Airmen participate in base readiness exercise

  • Published
  • By Airman 1st Class Valerie Seelye
  • 52nd Fighter Wing Public Affairs

Saber Nation’s usual operations came to a halt as personnel donned bulky suits, heavy helmets, and gas masks, transforming the base into a simulated wartime training environment.

U.S. Air Force Airmen participated in a base-wide exercise here, Sept. 10-14, 2018, in an effort to maintain the highest level of readiness.

“We’ve taken a lot of time to prepare the base through our ability to survive and operate training,” said Master Sgt. Jonathan Maas, 52nd Civil Engineer Squadron Readiness and Emergency Management flight chief.

The 52nd CES provided the installation with gear and supplies needed to detect chemical, biological, radiological, and nuclear contamination, said U.S. Air Force Capt. Austin McCall, 52nd CES Readiness and Emergency Management flight commander.

The event stressed the importance CBRN and ATSO training, periodically requiring Airmen to don mission-oriented protective posture gear. MOPP gear includes a hooded suit, helmet, rubber boots and gloves, gas mask, and a canteen compatible with the mask to hydrate. Airmen reinforced their ability to continue the mission in challenging and variable conditions.

“They accomplished their job wearing MOPP gear,” Maas said. “Airmen got a chance to test their skills and see how they could do their job in a contaminated environment.”

Airmen worked a rotation of days and nights, responding to various simulated scenarios such as chemical attacks.

“It just prepares them and makes them work in an environment where if it were to happen, they are familiar with it,” McCall said. “It’s a multifaceted environment that we’re trying to prepare for.”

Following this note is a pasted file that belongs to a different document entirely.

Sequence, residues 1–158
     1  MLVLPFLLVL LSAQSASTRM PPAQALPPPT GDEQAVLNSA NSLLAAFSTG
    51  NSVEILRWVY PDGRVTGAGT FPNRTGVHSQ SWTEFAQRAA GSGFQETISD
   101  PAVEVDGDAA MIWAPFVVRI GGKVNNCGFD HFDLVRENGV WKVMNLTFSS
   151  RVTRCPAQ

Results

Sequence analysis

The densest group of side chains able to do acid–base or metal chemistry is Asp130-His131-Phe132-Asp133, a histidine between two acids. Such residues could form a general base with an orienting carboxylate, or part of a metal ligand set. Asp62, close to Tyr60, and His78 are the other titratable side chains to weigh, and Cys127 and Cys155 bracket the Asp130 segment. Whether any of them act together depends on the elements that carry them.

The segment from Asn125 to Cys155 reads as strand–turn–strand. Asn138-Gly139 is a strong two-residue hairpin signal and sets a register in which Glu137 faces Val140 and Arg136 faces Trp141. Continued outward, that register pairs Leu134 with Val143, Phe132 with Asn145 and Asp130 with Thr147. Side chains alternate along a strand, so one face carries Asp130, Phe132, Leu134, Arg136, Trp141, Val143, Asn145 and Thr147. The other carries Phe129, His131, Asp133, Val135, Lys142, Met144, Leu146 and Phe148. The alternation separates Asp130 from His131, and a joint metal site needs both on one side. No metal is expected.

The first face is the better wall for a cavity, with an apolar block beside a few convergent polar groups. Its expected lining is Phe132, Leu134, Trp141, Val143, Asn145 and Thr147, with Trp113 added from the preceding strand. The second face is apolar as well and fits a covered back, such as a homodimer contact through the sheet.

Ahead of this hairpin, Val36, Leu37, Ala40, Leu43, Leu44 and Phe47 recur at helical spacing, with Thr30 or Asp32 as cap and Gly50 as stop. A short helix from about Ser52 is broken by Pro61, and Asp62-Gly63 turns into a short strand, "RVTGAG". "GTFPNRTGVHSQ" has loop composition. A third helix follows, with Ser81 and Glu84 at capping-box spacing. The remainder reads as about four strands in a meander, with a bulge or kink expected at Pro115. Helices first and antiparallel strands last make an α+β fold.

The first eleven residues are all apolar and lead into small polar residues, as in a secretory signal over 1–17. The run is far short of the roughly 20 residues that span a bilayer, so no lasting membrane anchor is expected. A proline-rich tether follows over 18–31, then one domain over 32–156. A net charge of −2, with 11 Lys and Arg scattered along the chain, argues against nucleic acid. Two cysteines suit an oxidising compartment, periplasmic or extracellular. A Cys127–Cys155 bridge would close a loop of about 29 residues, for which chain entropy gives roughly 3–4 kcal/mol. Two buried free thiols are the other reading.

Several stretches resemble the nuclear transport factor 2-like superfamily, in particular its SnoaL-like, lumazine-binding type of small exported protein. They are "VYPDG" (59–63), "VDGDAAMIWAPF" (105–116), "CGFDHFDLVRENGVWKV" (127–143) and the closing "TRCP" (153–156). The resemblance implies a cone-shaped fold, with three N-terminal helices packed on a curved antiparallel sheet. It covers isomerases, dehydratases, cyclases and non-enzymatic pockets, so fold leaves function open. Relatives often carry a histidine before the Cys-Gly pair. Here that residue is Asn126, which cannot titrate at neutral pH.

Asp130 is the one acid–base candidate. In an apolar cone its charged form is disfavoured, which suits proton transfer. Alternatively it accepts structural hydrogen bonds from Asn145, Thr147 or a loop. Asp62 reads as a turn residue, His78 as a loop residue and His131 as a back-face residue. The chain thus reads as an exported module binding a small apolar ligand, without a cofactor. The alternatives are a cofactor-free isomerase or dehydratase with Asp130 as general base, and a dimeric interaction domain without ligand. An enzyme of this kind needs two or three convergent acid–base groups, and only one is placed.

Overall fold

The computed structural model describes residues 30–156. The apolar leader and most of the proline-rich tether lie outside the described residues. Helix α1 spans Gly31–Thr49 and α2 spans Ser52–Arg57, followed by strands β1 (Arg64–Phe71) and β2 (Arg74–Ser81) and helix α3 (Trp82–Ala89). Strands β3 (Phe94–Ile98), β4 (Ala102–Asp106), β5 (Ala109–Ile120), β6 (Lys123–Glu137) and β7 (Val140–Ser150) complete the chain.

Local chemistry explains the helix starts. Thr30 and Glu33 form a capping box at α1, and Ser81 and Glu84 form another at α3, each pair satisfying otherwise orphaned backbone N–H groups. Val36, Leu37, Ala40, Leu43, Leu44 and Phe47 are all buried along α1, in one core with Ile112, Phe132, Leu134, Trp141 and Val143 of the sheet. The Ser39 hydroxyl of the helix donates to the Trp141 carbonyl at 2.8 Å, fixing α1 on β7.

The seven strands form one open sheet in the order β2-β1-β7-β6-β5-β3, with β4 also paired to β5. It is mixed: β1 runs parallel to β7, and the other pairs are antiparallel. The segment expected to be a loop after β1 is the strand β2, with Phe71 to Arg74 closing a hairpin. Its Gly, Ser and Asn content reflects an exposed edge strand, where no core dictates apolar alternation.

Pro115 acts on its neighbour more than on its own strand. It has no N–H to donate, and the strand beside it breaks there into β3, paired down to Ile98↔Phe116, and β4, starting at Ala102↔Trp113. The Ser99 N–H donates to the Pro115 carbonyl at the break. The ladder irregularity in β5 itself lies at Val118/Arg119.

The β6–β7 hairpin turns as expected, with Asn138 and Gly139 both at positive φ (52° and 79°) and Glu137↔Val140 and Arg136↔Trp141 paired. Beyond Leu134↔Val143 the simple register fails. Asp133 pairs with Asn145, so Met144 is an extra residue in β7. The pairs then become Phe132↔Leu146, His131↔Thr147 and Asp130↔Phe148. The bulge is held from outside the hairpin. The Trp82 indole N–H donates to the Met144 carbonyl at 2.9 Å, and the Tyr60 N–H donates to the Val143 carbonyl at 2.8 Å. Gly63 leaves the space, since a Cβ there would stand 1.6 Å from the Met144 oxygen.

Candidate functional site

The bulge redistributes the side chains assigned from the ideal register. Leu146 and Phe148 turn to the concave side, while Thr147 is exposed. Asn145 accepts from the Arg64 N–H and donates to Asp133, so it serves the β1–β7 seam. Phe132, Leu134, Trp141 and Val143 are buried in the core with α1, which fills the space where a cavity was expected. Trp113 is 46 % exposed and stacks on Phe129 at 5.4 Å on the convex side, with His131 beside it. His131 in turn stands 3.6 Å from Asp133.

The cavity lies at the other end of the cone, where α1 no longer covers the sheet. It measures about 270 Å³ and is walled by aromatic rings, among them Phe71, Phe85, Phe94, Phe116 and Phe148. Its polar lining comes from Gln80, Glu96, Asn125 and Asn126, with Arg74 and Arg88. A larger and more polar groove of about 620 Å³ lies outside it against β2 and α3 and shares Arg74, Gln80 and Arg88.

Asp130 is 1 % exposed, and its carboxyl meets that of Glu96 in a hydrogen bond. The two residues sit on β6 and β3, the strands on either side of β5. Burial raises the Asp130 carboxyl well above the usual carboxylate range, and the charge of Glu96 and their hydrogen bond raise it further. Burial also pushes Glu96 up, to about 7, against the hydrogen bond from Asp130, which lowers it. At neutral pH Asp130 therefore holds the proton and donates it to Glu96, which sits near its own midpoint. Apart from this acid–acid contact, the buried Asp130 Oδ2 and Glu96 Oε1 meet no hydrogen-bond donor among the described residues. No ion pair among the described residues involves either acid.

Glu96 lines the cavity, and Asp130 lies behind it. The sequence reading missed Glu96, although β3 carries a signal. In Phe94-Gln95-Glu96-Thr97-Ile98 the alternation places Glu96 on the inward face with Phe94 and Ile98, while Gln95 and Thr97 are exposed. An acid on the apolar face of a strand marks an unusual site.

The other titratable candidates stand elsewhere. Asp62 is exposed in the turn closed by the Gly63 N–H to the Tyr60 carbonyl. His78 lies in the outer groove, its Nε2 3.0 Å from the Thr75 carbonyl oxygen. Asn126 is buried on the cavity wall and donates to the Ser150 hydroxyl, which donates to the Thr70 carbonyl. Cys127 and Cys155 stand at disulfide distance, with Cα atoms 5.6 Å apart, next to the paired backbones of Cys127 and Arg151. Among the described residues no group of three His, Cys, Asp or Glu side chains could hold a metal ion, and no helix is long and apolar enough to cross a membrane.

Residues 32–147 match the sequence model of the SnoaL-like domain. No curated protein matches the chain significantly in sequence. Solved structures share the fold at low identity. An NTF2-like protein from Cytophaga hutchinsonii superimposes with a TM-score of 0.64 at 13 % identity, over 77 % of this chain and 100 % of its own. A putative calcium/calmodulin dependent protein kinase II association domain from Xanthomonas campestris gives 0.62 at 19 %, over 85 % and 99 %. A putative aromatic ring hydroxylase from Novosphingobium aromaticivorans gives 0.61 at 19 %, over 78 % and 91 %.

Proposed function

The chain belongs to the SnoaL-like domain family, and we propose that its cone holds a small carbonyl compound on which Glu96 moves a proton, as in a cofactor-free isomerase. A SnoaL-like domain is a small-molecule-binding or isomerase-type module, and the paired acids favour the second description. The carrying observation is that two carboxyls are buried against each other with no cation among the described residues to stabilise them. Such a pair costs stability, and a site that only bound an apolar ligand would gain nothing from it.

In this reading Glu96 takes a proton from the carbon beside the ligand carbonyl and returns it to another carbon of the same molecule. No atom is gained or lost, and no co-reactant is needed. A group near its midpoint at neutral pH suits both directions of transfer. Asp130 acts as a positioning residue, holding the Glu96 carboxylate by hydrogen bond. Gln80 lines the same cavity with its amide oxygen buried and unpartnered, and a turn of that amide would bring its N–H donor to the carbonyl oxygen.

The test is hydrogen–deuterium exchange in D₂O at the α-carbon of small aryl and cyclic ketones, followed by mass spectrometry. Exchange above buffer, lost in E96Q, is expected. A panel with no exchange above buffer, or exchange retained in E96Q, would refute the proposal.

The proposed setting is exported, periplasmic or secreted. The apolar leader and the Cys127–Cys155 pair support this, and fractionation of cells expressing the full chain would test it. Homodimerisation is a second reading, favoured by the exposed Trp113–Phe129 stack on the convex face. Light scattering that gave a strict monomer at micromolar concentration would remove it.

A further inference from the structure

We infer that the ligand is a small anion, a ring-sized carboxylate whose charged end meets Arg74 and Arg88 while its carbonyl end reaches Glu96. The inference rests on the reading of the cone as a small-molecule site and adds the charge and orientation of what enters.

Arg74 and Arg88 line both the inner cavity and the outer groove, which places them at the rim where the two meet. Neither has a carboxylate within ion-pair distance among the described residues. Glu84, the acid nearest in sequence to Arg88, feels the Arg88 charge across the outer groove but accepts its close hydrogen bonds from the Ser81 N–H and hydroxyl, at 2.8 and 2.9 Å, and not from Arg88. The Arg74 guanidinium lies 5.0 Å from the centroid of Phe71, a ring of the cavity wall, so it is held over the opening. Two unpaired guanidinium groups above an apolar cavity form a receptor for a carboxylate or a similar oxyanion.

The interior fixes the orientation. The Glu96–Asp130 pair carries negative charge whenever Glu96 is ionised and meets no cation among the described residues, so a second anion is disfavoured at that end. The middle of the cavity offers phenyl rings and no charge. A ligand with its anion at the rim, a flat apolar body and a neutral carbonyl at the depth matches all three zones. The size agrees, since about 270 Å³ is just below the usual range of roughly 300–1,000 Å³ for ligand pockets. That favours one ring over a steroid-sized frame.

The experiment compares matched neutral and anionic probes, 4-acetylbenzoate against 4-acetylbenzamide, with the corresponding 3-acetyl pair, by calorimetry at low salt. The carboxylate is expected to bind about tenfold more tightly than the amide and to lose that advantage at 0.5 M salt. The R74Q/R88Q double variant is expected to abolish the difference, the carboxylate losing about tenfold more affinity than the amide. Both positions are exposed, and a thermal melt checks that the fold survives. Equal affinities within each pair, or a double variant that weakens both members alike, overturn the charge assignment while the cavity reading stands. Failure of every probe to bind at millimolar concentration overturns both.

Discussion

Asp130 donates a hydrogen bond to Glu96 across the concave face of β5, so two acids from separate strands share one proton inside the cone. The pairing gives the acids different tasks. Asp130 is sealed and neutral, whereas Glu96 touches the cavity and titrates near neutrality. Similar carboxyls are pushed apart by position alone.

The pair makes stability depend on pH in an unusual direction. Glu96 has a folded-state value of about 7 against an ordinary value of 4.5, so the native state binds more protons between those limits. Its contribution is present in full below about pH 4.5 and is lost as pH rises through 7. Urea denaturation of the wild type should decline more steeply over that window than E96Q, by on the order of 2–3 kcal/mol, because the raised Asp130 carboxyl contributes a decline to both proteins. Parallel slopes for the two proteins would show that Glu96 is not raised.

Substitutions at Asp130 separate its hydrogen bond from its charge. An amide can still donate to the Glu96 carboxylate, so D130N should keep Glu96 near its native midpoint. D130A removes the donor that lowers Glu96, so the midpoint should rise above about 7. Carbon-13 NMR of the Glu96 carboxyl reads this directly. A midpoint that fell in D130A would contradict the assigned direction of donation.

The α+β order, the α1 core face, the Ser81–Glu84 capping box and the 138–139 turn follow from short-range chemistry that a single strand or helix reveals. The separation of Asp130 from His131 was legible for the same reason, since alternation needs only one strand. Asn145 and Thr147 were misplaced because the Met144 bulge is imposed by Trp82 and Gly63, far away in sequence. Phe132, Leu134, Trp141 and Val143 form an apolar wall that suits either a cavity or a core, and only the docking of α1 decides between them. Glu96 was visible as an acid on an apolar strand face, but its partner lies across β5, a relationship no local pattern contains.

The exercise stressed the ability to quickly recognize and respond to a diverse variety of contamination, McCall said.

“Obviously we can’t simulate a natural disaster,” McCall said. “But we can at least let people understand what it is to work in a chemical environment by giving them gear to work in – fortunately without the threat of actual chemicals at the time, so they’re comfortable and understand what they need to do and how to do it to still get the mission done.”

Airmen wore MOPP gear to accomplish their normal duties as well as practice responding to hazard scenarios.

“Practice makes perfect and becomes muscle memory,” Maas said. “How to put the suit on, how to drive in MOPP four — that is really what this is about: getting Airmen familiar with those concepts, the gear, and being able to do that in a high-stress environment.”

Besides CBRN threats, Airmen responded to simulated scenarios tailored to their unit’s specific objectives.

“Airmen are realizing that threats are changing throughout the world,” Maas said.

Among the ATSO scenarios were inbound missiles, a motor vehicle accident, building fire, and aircraft crash. Recovery success required Airmen to proactively identify and solve problems in a quick, disciplined fashion.

The exercise validated the 52nd Fighter Wing’s ability to organize, train, and equip for wartime operations.

“Exercises are very important because they make you think beyond your normal day-to-day job,” McCall said. “It becomes a whole new mindset of what is the true mission. It really gets to a tip-of-the-spear mindset.”

The event was designed to build upon previous readiness exercises and push the wing to achieve the Secretary of the Air Force and Chief of Staff of the Air Force’s number one priority — to restore readiness to win any fight, any time.

 “It is important that these Airmen are learning these skills,” Maas said. “That shows our adversaries that we’re going to be ready to fight wherever.”

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